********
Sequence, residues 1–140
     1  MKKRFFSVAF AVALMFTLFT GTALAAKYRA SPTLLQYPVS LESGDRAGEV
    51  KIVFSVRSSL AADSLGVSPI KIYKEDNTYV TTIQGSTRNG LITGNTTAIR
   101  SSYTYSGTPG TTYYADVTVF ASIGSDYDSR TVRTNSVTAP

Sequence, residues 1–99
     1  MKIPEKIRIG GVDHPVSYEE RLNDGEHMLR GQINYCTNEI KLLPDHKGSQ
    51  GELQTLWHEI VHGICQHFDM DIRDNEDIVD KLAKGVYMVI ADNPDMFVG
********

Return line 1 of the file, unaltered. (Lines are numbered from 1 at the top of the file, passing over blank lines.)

Sequence, residues 1–140